That thing that happens in the final third of the awards show, and which has
that palpable force of making the ceremony suddenly feel verrrry drawwwn
outttt. You might not remember the Miniseries/Movie section from last year if
you, like so many, stopped watching at that point. Most Emmy viewers have seen
at least some scenes of Modern Family or
Two and a Half Men. But what
percentage of them have watched, say, Phil
or Behind The Candelabra?
I’m not trying to affirm HBO’s elitist judgment that “It’s not TV,”
but it’s good to remind ourselves that “It requires a subscription to
watch” 1/3 of the shows nominated under this category. This year, also
nominated are FX’s American Horror Story:
, the History Channel’s The
, USA’s cable miniseries Political
, and Sundance’s miniseries Top
of the Lake
. More and more, this loosely-grouped set of odd nominees feels
like they could stand in for a kind of insurgent Anti-Prom themselves. We have
two Oscar-studded HBO films, an Oscar winner film director’s miniseries, a
commercial hit docudrama from the History Channel, a campy season of horror
that you might read as a miniseries by virtue of the fact that it is contained,
and a cable miniseries that never really caught on. Also, it’s partly a
category of convenience—how else would film talent get their EGOTs

Though in the current heat of week-to-week exegeses on the
current final season of Breaking Bad,
there might be especially something vital to be said about not just what gets
snubbed and subsequently mourned, but what is never really noticed to begin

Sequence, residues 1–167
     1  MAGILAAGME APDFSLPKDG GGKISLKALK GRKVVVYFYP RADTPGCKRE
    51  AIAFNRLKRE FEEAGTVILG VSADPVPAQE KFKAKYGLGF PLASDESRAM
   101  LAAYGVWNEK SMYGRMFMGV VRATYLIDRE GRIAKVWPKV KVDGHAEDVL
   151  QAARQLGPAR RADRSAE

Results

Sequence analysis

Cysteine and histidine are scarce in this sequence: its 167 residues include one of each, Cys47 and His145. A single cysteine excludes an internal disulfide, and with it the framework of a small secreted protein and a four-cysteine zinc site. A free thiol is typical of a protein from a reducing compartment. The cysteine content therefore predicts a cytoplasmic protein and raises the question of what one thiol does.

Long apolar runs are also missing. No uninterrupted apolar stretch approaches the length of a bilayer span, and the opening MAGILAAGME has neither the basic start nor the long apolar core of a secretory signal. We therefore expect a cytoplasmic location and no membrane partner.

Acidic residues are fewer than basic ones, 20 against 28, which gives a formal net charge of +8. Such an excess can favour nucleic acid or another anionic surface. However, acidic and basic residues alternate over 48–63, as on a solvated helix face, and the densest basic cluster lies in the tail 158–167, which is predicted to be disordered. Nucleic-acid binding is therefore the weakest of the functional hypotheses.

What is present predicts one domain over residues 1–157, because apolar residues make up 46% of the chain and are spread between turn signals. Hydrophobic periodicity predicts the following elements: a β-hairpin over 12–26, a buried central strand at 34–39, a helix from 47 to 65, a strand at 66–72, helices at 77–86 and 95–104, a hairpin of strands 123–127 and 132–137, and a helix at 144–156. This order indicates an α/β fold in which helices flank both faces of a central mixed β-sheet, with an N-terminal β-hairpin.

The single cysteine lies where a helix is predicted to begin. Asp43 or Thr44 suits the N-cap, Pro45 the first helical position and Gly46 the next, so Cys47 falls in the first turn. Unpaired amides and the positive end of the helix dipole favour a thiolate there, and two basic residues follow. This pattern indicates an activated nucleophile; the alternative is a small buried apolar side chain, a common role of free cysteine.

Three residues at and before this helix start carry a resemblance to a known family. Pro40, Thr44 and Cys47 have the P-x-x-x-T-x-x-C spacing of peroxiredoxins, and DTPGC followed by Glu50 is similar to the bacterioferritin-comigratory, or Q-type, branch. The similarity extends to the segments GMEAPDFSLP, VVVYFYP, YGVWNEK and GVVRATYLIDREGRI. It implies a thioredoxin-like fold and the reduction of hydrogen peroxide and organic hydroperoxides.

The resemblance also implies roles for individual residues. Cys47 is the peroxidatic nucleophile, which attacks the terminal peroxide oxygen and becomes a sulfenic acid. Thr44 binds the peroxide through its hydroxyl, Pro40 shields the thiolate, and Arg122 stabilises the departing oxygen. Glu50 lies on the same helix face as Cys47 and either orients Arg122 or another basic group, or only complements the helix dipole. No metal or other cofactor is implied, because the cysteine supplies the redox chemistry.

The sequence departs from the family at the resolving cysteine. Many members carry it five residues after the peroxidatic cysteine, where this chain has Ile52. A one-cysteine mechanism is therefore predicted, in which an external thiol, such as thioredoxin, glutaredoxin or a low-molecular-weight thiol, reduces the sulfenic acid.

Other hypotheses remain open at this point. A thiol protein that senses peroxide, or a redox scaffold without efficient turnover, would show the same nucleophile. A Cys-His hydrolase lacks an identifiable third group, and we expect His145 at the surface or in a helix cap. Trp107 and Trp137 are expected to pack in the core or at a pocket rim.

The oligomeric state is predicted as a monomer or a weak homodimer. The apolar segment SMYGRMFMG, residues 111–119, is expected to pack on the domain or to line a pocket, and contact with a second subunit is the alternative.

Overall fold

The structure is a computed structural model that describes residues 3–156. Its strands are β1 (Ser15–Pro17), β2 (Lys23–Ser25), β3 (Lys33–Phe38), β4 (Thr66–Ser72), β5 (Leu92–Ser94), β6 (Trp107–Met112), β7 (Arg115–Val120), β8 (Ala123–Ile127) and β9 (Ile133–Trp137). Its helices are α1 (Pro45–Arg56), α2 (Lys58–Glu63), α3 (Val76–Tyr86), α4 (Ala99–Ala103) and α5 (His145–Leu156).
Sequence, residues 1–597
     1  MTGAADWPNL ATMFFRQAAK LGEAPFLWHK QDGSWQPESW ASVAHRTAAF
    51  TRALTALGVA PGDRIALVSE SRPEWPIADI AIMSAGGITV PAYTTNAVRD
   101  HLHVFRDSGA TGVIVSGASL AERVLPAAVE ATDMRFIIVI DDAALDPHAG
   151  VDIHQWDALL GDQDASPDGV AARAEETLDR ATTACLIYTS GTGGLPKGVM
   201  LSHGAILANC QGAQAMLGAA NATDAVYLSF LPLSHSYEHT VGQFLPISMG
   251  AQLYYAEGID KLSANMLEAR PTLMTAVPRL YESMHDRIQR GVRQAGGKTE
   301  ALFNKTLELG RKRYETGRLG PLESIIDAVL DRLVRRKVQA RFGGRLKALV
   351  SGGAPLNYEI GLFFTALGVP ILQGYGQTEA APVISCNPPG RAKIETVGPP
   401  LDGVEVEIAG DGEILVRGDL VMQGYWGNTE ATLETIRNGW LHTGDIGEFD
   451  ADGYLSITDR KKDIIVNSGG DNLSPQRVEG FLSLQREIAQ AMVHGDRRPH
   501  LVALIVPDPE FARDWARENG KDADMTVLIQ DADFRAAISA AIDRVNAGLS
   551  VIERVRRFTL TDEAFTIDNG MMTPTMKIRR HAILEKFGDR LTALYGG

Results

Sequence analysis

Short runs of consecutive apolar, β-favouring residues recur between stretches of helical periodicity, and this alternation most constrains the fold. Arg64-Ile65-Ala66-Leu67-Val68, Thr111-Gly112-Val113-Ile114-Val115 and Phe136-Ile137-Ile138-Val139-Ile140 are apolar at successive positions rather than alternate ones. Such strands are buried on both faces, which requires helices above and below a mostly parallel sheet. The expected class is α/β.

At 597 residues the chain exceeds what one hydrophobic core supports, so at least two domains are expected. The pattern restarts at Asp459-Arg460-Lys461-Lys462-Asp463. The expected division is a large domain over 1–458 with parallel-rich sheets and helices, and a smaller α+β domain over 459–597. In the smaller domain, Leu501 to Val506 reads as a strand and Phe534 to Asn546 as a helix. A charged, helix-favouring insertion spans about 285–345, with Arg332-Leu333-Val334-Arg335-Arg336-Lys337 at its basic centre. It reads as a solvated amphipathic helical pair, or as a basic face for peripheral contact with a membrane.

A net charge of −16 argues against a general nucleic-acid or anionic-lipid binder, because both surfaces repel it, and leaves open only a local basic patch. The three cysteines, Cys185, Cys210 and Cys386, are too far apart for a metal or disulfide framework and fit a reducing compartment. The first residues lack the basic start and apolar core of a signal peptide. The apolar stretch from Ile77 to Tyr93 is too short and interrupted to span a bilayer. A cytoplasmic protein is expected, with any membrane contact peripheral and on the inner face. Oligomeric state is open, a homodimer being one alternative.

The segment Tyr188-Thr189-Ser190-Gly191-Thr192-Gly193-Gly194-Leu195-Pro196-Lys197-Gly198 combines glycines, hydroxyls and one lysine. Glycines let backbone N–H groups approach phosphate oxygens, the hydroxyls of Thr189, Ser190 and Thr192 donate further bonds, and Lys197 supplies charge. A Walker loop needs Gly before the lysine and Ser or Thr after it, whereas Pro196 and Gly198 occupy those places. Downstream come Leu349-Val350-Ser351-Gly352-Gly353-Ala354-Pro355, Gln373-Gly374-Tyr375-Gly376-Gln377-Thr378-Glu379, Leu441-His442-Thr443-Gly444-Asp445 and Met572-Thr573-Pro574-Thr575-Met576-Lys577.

with: what is untimely, or watched on one’s own time, or belatedly. There are
some things you can’t live-tweet; for everything else, there’s the Outstanding
Miniseries and Movie category. There cannot be enough said about the sheer fact
of access and convenience that would hinder a person from watching even one,
not to mention all, of the nominees under the category, but we should also take
into consideration that because most of these nominees don’t fit the
traditional season-long week-by-week episode format, it makes generating viewer
interest or investment that much harder.

The rhythm of a miniseries like Top of the Lake is dramatically different from that of a two hour
film, or a season of American Horror
. Jane Campion’s miniseries—when it did finally find its way to
television—aired its seven episodes on three separate nights. To split the
seven hours of Top of the Lake—originally
aired without breaks at the Berlin Film Festival—into three chunks of seven
episodes each feels not just odd, but arbitrary. (My desire to keep watching
only speaks to the power of Campion’s storytelling—maybe this season’s Breaking Bad episode cliffhangers can
take a page out of her book,

e.g., you can give your audience enough credit that if they’re still
watching at this point, they don’t need episodes to black out with literal questions
of life and death.

) Still, the very otherness of the
Miniseries/Movie-On-TV genre makes me wonder if we can find a better way to
fit, say, Campion’s miniseries into the context of our television sets. Or, is
it best to just think of it as a long film, however interrupted? You can always,
after all, stream it on your computer. And for TV bingers, seven hours is
hardly an outlandish commitment. The slipperiness of miniseries into movie is
also affirmed by the Emmys’ choice to group them together (funny for an award show
that acknowledges the genre differences between comedy and drama!)—a pairing
that happened only 2011, when the Emmys realized there weren’t enough